Prince George's County Executive Angela Alsobrooks emphasized the curbside composting program's twin goals: providing extra trash services for residents and pushing environmental sustainability. (Anthony Tilghman/The Washington Informer)
Prince George's County Executive Angela Alsobrooks emphasized the curbside composting program's twin goals: providing extra trash services for residents and pushing environmental sustainability. (Anthony Tilghman/The Washington Informer)

After more than three years in the pilot program phase, Prince George’s County launched curbside compost pickup countywide last week. Every home using county trash services — more than 175,000 households — should receive a new outdoor cart and a smaller indoor pail for composting by the end of next year. 

“I know that the idea of composting may be a new one to some of our residents,” County Executive Angela Alsobrooks said at a press conference to announce the launch on Oct. 3.  “I can tell you that composting is important because it strengthens the local economy, it reduces waste, it combats the impacts of climate change, and it protects our environment.”

When buried in a landfill, food scraps and other organic waste release high amounts of methane — a greenhouse gas even more potent than carbon dioxide. Composting addresses both climate change and landfill overflow. In addition, some of the composted material is repurposed into a soil additive for improving plant and lawn growth, which the county sells for revenue. 

Alsobrooks also touted the expanded curbside program as an environmentally-conscious solution to a problem Prince George’s residents have raised: limited trash collection services. The county switched from a twice-weekly garbage pickup to once a week in 2016, matching the services provided in nearby Maryland counties and in D.C., a change that sparked a backlash. Earlier this year, Prince George’s added bulk trash pickup to the waste collection services provided. 

“Our residents have been asking for additional days for waste collection, and the truth of the matter is, this is not an issue that we will resolve by simply putting more trucks on the road to haul more trash to our landfills,” Alsobrooks said. “We cannot afford to go backward in terms of waste collection.”

According to a recent Waste Characterization Study, food and other organic waste make up more than a third of materials found in Prince George’s landfill. Not all residents have been sending their scraps there, though — more than 20,000 Prince George’s households had already opted into the county’s pilot program for curbside composting. 

“I think it will make a big difference,” said Betty Wise, an Upper Marlboro resident who was an early joiner of the pilot program. “You know, I noticed that when I put out my green bin, on the regular trash day I only have like one or two kitchen-size bags to put out. So I’m putting out less trash, which means if everybody does that, the landfills won’t fill up as quickly.”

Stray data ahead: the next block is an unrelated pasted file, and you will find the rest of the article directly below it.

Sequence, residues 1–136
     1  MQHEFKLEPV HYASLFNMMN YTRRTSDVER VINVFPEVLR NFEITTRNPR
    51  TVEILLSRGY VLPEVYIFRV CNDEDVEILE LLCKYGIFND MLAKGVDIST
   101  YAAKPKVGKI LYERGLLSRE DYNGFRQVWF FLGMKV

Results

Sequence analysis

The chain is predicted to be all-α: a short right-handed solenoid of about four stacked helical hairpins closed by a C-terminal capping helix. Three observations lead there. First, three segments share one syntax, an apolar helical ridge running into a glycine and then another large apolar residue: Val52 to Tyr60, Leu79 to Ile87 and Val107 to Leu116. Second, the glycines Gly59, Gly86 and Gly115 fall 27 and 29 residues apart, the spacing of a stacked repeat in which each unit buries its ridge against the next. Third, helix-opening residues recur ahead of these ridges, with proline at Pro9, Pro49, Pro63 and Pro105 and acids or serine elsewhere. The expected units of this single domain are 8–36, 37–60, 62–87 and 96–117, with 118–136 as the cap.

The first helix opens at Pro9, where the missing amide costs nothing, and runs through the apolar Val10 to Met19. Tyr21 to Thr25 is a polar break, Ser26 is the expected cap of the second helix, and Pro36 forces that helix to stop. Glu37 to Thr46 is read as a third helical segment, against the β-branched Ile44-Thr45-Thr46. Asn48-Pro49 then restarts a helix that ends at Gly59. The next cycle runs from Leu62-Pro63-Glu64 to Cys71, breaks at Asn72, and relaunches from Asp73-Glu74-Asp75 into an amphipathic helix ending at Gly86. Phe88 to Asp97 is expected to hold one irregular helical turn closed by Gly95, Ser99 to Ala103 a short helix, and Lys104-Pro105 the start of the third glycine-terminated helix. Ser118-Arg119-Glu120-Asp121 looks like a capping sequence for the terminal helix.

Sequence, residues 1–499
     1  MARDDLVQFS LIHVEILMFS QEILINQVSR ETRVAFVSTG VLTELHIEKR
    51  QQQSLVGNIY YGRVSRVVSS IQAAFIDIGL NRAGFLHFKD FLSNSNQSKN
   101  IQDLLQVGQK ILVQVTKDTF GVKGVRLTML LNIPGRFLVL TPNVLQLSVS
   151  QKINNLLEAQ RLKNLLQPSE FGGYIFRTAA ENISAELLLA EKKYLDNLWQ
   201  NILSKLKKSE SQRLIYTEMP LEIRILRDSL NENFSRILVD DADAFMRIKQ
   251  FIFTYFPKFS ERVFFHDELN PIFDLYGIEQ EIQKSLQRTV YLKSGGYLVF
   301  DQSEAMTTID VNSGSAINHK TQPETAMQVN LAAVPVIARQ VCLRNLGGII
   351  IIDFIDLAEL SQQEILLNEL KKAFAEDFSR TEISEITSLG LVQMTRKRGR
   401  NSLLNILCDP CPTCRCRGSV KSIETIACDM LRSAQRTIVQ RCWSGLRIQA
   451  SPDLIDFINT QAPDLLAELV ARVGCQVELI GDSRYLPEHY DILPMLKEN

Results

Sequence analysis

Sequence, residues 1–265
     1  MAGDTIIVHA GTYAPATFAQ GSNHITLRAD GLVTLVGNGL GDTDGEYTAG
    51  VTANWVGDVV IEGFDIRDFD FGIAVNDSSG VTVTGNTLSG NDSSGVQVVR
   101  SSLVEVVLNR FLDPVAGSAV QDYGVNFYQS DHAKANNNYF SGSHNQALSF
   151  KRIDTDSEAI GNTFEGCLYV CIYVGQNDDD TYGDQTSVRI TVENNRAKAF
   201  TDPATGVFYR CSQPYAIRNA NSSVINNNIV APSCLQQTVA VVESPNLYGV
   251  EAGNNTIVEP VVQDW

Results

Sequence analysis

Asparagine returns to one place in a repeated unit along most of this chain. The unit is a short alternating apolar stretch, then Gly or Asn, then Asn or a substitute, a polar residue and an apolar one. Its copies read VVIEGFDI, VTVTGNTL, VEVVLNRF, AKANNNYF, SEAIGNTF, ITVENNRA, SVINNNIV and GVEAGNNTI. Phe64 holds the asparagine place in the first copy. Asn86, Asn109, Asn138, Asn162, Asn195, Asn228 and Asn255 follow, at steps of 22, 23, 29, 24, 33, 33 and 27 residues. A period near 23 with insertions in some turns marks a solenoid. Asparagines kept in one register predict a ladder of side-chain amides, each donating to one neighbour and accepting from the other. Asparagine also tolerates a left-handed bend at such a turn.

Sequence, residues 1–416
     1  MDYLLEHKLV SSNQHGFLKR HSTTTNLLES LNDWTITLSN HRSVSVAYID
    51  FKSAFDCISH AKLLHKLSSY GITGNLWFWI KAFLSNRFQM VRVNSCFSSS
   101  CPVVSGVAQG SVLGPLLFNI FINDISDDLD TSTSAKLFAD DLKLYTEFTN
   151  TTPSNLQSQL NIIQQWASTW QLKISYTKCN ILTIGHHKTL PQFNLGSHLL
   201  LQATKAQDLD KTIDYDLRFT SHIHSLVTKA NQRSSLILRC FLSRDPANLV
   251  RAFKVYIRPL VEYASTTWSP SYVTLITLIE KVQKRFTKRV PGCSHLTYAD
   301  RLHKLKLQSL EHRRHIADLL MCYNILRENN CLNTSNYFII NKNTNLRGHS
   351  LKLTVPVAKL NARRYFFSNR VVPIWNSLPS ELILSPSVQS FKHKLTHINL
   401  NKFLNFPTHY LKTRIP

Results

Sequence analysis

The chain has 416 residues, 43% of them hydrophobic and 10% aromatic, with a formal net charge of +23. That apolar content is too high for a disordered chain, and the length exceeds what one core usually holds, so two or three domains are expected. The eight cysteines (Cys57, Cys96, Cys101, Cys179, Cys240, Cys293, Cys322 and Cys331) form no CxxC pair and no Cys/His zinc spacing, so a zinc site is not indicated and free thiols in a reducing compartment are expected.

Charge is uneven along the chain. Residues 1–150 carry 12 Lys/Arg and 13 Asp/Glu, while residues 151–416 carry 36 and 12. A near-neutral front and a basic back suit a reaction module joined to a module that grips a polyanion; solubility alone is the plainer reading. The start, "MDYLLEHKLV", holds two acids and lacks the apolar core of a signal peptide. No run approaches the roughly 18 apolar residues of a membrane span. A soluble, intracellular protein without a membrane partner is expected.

Wise said some of her neighbors have expressed hesitation about joining the program, mostly citing concerns about smells or vermin. To solve that problem, she said she keeps her small compost pail — provided by the county — in her fridge with a compostable liner bag. When the bag fills up, she moves it to her freezer. The frozen bags go into her green bin right before she brings it out to the curb on collection day.

“I think there probably needs to be more marketing and education to get people to come into the program, and when they see the benefit, they’ll do it,” Wise said. 

Starting this week, the county began delivering pails and bins to around 65,000 Prince George’s households along with informational materials about how composting works. The remaining eligible households will receive their bins in the spring or fall of 2023. 

Andrea Crooms, Director of Prince George’s County Department of the Environment, said that the county is working on expanding the program beyond single-family housing in the future, with small pilot programs including multi-family housing units, schools, and businesses.

In the DMV region, curbside compost collection remains relatively rare, though Takoma Park and Arlington (which started its program just last year) offer it. D.C.’s Department of Public Works plans to implement a pilot program for curbside composting in the spring of 2023.

Currently, District residents can drop off their food waste at designated farmer’s markets across the city on the weekends. Blake Adams, who heads DC’s Office of Waste Diversion, estimates about 3,000 to 4,000 people swing by to drop their scraps every weekend. 

“It’s really exciting because once people get interested in composting, they start to pay more attention to how they’re recycling and how much waste they’re producing,” Adams said. “It’s a great way to socialize really sound zero-waste behaviors.”

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